Vola – Applause of a Distant Crowd
Having your self-released debut album picked up and re-released through a major label is probably the dream of many a young band. This dream became a reality for young danish band Vola with the exceptional “Inmazes” in 2016. Their innovative and unique mix of Meshuggah-level polyrhythmic djent riffs, huge melodic choruses and vast synth atmospheres and electronic influences was sure to turn some heads and quickly made them one of the modern prog scene’s hottest up and coming insider tip. Two years later, they are back with a new drummer and a new album, “Applause of a Distant Crowd”. As I eagerly anticipated this sophomore full length release for quite some time, I delved right into it as soon as I got it – and instantly fell in love with a lot it has to offer. But let’s start at the beginning.
Unexpectedly starting with some alternative sounding chords, ‘We Are Thin Air’ is an unusually lightweight opener mood wise, but perfectly sets the tone for an overall far more uplifting experience than most of all the grim, dark and angry metal out there. In the bridge, we get a first tiny glimpse of the darkness Vola can purvey, before the light chorus returns. And then the pop synth lead of the first single ‘Ghosts’ is sure to divide the fans. It is just so unabashedly happy sounding. Maybe like Steven Wilson‘s ‘Permanating’. But Vola’s sound is just as deep and multi-layered as Master Wilson‘s and thus ‘Ghosts’ easily manages to be catchy yet proggy. Nothing can prepare for the double attack of the twisted spoken word verse vs. grandiose stadium chorus of ‘Smartfriend’ though. The second single that sure turned as many heads as ‘Ghost’ did, but for different reasons. Highly recommended to watch the accompanying video (at the end of this review), a disturbing trip not for the faint of heart, enhancing the impact of the song even more.
Vola – Ghosts (if video doesn’t play, please click here)
And when you think they’ve said it all with this monster of a song, you couldn’t be more wrong. The quieter ‘Ruby Pool’ evokes a somehow nostalgic melancholia, topped by a stellar Gilmour-esque solo from frontman Asger Mygind. This album seems to be all about surprises as every single song so far has brought something new to the Vola table. As does the aptly titled ‘Alien Shivers’ with its electronic verses, contrasted yet again with a huge chorus. Even Coldplay would probably burst with envy if they ever heard this masterclass of songwriting, that is indeed the level we are talking here! Be sure to watch its video below these lines, it was masterfully hand-crafted by Nicolai Mogensen and his girlfriend and author Anne Nørkjær Bang. In their own words: “It’s made by just the two of us and almost entirely by hand, so it is indeed a very personal project. We are both happy amateurs in the field of animation, but we’ve put a lot of hours, effort and love into this video, which we hope will shine through!“.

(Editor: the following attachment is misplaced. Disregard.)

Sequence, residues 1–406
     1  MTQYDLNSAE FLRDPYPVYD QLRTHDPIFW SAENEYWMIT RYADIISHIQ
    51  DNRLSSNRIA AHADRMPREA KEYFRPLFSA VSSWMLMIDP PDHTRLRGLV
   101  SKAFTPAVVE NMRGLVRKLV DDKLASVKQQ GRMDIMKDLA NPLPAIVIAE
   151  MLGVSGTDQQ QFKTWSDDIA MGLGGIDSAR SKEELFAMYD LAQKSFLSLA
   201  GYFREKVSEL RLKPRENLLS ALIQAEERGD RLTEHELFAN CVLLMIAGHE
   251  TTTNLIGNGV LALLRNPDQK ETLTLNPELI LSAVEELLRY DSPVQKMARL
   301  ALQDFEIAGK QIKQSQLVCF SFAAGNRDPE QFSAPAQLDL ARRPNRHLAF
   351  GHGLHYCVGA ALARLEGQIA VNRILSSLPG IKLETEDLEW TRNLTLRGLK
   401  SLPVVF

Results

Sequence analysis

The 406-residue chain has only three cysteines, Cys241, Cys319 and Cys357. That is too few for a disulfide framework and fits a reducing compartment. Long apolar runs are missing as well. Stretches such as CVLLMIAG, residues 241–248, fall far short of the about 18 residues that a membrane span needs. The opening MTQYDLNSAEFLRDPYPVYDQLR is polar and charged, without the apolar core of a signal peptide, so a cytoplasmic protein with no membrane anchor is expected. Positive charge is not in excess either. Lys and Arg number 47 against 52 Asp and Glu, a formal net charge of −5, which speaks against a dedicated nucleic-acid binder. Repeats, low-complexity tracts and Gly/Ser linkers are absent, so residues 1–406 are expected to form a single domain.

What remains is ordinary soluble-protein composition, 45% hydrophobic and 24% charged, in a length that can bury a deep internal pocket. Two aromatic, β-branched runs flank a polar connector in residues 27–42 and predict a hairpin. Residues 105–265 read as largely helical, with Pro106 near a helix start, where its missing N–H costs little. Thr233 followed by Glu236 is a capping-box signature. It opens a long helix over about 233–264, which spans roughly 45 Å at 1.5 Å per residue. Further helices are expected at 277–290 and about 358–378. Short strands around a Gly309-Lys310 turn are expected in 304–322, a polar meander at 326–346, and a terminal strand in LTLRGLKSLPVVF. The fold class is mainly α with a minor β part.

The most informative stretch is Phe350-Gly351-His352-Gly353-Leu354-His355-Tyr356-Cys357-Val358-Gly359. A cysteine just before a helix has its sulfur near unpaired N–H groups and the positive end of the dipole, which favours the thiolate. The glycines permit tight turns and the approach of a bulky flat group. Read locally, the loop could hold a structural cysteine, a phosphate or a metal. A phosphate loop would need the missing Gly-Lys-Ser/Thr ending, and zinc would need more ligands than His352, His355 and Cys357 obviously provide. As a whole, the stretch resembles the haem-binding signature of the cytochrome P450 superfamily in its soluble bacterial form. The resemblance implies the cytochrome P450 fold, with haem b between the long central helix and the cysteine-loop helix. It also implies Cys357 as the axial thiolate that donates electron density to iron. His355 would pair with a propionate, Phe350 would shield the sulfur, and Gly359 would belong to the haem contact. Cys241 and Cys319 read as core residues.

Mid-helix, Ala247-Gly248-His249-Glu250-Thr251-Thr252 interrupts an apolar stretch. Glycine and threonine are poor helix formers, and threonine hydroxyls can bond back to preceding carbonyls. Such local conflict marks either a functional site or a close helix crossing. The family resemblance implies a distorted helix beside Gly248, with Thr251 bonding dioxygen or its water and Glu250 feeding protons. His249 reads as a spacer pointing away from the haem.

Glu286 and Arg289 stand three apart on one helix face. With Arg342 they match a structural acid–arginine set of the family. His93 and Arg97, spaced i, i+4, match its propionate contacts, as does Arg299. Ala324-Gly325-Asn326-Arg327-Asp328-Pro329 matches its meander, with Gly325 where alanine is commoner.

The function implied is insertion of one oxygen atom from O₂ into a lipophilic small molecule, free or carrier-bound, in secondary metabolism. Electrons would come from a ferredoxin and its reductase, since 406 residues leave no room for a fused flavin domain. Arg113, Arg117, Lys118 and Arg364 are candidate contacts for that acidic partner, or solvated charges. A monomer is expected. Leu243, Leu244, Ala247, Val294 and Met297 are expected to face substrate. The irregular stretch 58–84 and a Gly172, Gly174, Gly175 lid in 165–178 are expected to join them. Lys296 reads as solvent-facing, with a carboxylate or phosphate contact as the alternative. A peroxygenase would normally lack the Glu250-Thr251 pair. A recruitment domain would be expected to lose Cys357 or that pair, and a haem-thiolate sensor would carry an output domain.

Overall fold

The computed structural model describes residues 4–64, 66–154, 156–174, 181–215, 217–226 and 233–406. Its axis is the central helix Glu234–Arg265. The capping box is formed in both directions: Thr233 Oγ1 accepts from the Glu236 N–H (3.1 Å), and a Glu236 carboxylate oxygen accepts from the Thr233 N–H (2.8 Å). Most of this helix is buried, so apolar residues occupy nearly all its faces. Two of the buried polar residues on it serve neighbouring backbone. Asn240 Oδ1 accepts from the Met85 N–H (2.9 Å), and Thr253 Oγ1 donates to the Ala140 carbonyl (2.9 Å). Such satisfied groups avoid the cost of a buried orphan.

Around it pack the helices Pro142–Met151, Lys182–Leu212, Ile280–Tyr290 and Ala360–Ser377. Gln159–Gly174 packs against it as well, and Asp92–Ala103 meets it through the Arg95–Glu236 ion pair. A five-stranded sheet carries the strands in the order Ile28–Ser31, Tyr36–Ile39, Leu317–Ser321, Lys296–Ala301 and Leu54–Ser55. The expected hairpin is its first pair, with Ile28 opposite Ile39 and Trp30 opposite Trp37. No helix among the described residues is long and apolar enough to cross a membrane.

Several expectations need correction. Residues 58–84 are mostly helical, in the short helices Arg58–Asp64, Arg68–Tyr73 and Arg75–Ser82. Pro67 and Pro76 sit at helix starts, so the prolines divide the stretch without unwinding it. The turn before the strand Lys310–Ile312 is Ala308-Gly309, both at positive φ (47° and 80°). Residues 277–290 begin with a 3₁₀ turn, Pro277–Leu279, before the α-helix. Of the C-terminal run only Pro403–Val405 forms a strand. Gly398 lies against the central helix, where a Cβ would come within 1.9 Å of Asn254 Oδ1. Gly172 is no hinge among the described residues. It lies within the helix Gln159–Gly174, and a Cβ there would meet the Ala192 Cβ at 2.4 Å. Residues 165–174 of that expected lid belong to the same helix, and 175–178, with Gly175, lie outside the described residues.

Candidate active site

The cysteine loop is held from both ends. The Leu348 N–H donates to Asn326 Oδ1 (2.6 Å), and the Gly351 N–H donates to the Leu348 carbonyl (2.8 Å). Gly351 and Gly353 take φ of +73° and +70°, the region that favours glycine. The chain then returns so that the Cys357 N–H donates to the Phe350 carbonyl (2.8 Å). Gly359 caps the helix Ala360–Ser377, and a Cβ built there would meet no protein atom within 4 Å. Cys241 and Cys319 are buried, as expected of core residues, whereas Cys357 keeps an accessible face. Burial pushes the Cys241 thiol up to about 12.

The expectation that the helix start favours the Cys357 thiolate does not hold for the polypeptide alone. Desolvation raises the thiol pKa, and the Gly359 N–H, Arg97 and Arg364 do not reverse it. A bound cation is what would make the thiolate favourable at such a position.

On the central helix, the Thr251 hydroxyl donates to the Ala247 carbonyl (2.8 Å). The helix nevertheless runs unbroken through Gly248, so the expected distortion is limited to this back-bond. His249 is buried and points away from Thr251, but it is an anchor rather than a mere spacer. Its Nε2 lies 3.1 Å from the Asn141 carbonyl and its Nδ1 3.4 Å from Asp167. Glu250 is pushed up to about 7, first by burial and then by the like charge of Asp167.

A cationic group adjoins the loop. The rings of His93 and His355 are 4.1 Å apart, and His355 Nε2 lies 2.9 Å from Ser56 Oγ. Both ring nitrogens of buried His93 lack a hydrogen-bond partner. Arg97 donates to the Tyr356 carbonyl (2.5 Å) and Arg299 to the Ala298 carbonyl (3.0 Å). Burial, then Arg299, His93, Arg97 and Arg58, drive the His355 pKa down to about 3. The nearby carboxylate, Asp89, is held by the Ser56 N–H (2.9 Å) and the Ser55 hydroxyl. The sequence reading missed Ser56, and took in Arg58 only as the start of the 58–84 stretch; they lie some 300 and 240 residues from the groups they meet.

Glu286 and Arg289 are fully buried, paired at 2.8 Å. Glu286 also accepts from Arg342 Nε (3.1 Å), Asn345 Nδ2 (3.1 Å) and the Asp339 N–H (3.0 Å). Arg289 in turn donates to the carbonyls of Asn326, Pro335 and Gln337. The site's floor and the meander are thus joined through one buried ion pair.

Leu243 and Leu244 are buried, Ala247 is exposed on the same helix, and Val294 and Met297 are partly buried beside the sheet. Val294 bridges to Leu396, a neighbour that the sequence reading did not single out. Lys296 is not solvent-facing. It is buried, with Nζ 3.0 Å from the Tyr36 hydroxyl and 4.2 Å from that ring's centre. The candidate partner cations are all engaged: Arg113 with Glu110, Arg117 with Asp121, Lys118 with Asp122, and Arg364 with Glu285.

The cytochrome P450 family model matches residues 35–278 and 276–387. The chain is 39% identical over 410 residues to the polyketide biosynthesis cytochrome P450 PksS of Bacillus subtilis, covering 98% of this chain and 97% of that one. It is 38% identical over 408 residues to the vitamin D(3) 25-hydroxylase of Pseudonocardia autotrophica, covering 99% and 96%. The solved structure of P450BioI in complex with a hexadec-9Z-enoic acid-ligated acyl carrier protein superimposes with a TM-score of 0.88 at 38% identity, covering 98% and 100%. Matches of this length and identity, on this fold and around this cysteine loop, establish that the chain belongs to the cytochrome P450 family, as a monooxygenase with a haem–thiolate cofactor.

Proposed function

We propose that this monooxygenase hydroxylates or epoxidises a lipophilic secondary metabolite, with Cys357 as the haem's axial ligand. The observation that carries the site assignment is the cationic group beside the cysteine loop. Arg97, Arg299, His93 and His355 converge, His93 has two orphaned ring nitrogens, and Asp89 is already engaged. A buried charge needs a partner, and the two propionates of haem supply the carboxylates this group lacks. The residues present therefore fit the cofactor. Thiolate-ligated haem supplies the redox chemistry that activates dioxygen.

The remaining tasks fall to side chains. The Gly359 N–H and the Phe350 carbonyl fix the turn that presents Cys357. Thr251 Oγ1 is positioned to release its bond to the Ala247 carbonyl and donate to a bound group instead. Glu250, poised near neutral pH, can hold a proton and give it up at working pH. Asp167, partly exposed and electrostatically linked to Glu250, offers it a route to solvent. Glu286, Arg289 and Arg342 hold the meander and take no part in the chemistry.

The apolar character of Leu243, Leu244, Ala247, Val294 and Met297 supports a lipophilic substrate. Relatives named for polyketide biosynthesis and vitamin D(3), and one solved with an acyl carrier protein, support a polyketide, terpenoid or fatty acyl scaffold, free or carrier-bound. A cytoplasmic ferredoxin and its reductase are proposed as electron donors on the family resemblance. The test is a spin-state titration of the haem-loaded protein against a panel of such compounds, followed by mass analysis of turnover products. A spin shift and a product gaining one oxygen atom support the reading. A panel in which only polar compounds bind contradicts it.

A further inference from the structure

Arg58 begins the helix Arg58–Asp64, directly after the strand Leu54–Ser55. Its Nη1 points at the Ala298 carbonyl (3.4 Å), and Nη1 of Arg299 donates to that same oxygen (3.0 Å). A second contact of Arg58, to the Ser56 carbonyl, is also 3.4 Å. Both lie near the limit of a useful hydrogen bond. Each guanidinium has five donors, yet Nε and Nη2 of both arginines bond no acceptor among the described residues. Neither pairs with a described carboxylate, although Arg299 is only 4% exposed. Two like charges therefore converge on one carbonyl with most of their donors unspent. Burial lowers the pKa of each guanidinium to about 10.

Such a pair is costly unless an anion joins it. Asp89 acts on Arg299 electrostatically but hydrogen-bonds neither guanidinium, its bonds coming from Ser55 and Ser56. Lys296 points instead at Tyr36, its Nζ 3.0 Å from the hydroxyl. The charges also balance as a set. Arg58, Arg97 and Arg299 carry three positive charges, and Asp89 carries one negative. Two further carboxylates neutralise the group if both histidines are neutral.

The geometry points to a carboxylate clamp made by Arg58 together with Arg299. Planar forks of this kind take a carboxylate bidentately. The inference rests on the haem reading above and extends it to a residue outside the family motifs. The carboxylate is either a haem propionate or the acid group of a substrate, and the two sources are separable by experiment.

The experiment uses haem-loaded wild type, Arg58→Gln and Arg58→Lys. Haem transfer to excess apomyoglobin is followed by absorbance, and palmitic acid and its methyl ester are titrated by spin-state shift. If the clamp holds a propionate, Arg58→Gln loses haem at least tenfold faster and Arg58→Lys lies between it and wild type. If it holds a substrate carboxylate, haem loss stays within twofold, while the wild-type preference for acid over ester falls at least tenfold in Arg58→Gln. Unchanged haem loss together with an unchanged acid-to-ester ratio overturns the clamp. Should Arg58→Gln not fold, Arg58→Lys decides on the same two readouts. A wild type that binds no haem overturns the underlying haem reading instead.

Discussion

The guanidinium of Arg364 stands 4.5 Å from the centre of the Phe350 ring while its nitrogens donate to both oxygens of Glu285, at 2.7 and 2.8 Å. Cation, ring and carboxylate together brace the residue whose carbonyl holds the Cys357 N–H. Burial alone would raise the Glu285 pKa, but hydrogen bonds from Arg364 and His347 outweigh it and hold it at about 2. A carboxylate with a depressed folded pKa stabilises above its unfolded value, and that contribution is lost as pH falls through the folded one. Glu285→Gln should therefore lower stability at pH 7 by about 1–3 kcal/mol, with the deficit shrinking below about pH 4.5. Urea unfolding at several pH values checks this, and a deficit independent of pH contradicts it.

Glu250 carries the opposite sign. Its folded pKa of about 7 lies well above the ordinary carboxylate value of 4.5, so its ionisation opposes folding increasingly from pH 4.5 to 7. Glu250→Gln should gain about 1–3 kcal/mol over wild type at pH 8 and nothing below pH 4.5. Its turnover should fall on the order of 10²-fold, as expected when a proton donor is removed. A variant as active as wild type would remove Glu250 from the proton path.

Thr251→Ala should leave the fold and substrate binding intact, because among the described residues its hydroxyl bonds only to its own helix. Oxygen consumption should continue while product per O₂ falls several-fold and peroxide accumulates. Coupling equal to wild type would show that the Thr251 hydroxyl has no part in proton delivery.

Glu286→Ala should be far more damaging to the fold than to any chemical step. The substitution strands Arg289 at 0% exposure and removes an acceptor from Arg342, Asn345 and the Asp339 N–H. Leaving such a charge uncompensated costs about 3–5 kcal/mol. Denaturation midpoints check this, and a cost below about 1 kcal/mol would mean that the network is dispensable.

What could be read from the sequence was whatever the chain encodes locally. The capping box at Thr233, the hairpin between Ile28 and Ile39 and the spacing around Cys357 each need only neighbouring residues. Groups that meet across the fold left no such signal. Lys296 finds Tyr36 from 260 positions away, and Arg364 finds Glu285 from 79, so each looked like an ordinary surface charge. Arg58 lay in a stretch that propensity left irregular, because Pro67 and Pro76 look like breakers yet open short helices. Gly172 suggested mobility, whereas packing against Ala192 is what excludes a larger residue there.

Vola – Alien Shivers (if video doesn’t play, please click here)
Slowing it down again with the haunting ‘Vertigo’, Asger deliver’s his best vocal performance to date, velvety and dreamlike making this seemingly small and quiet songs one of the best on this record. Martin Werner‘s keys taking over the simple and subtle guitar lead at the end is just the icing on the cake. After this emotionally challenging middle part of the album, the following ‘Still’ as well as the title track ‘Applause Of A Distant Crowd’ almost seem to fall a bit flat despite being two excellent songs as well. The fugue or canon-like vocal part in the middle catapults the awesomeness back to the highest level though with the keys taking over the melody again. And the gargantuan, Gojira-like monster riff of ‘Whaler’ is picking it up right there. One last monumental bang before the introspective epilogue ‘Green Screen Mother’, a true tearjerker of subtle, quiet beauty.
Vola – Smartfriend (if video doesn’t play, please click here)
With “Applause of a Distant Crowd”, Vola have proven their inventiveness and further expanded their reputation as songwriting masters and sound magician. Kuddos to their new drummer Adam Janzi whose rhythm style fit like gloves with the monumental sound of the band. It is a truly excellent album with some songs bordering on the mind-blowing and mind-expanding. However, these songs tend to overshadow the few other songs that just pale a bit in direct comparison. When all is said and done though, I tell you, these guys and their music belong into stadiums! So spread the word, dear fellow proggers, it just might happen that your friends who’ve never heard of such a thing as prog might just fall in love with it as well.
- We Are Thin Air
- Ruby Pool
- Alien Shivers
- Applause Of A Distant Crowd
- Green Screen Mother